But back to Frenkel who was born in Odessa in 1899 and came to Eretz Israel in 1919. In 1920 he established an artists' co-operative in Jaffa but a few years later returned to study in Europe, becoming one of the most important artists at the Ecole de Paris and a contemporary of Chagall, Soutine, Modigliani, Mane-Katz and others. Returning to Eretz Israel in 1925 he taught in Tel Aviv before settling in Safed in 1934, before the establishment of the artists colony.
The Frenkel museum is housed in what looks like a small cottage, but once inside it is almost labyrinthine with one room of artistic treasure leading to another. The collection includes self-portraits, Biblical scenes and family portraits. I loved the picture in the final room of the gallery which shows the Frenkel family group playing musical instruments. There are many images of his children and of their mother, Ilana and many scenes of Safed - clearly both major loves in Frenkel's life. I also liked Frenkel's unusual portrait of French mime artist Marcel Marceau - unusual in that Marceau appears more than once in the same picture perhaps indicating the different lives of a mime. Thank you very much Yakov for showing me around!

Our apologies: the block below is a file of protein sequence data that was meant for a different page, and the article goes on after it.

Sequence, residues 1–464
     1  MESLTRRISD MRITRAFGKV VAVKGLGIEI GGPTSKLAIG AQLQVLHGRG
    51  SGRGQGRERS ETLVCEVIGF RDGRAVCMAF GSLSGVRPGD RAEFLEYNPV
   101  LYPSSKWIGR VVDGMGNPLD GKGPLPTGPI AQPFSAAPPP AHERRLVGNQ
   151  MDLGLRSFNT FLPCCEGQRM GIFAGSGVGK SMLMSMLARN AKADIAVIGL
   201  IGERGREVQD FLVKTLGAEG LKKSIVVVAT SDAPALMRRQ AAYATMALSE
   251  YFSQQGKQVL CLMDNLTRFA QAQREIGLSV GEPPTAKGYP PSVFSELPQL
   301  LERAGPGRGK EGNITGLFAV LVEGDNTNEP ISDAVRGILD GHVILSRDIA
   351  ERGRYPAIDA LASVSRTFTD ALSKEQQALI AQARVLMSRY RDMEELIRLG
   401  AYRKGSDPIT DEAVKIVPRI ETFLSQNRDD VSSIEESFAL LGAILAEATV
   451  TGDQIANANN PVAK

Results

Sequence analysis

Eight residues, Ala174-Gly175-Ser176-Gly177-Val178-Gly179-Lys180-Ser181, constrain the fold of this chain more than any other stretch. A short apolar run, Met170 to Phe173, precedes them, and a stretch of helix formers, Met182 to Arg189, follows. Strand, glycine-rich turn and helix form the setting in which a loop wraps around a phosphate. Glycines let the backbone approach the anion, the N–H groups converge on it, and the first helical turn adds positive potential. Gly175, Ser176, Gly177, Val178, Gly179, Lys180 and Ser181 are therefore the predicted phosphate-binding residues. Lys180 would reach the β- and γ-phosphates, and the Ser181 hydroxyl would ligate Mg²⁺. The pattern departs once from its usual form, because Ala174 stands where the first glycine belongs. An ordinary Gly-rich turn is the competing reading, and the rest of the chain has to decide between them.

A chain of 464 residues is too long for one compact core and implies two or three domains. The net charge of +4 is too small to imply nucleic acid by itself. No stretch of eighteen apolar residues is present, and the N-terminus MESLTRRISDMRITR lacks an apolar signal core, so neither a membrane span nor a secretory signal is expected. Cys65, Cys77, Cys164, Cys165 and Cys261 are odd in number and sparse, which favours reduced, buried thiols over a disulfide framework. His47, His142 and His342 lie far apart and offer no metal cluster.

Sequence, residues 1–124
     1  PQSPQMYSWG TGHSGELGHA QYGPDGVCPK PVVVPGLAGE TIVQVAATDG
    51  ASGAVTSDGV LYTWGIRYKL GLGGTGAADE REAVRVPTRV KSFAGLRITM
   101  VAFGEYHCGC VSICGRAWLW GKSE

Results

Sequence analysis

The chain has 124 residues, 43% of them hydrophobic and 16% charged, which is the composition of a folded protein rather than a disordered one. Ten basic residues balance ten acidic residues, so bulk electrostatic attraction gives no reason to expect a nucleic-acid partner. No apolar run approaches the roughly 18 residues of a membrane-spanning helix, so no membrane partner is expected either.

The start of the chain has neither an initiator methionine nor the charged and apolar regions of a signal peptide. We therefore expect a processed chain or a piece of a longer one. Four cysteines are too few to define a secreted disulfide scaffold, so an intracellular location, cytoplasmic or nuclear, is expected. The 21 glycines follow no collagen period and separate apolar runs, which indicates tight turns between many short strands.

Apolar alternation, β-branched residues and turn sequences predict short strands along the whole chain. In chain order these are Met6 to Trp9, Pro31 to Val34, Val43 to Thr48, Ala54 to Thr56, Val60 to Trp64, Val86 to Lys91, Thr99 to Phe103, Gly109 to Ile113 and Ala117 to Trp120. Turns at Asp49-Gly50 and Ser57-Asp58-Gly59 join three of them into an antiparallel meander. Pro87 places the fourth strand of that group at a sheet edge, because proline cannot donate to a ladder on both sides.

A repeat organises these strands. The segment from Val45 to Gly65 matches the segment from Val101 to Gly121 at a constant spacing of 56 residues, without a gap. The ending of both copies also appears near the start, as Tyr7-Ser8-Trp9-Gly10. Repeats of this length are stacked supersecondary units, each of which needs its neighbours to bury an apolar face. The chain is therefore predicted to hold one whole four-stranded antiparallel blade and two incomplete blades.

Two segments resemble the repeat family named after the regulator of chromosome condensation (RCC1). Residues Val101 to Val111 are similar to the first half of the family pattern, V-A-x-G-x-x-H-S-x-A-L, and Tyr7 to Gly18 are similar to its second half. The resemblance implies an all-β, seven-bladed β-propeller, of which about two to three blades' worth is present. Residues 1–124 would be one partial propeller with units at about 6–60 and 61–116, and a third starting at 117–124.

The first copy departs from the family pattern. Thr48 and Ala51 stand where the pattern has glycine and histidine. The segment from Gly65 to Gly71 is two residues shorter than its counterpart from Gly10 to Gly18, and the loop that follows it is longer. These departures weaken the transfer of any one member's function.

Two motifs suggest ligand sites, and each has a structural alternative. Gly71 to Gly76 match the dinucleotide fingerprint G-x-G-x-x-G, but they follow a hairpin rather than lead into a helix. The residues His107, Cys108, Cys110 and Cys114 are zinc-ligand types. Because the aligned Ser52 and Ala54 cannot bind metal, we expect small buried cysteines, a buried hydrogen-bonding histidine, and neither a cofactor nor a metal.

One of my first stops last time I was here was the General Exhibition - the central venue in the Artists' Quarter where the work of many of Safed's artists is exhibited and offered for sale. I remember being fascinated by the work of Miriam Mehadipur. Her work makes strong references to Persian as well as Jewish art and tradition and includes many geometric patterns and floral motifs. Her paintings often feature a male and female couple and are deeply romantic. Some of the figures are pictured in a womb like space, growing together and protecting each other (see below - Song of Songs). The paintings are large, with deep, thick colour and many are enhanced with the beautiful carved wooden frames - the work of her Persian Jewish husband, Menachem.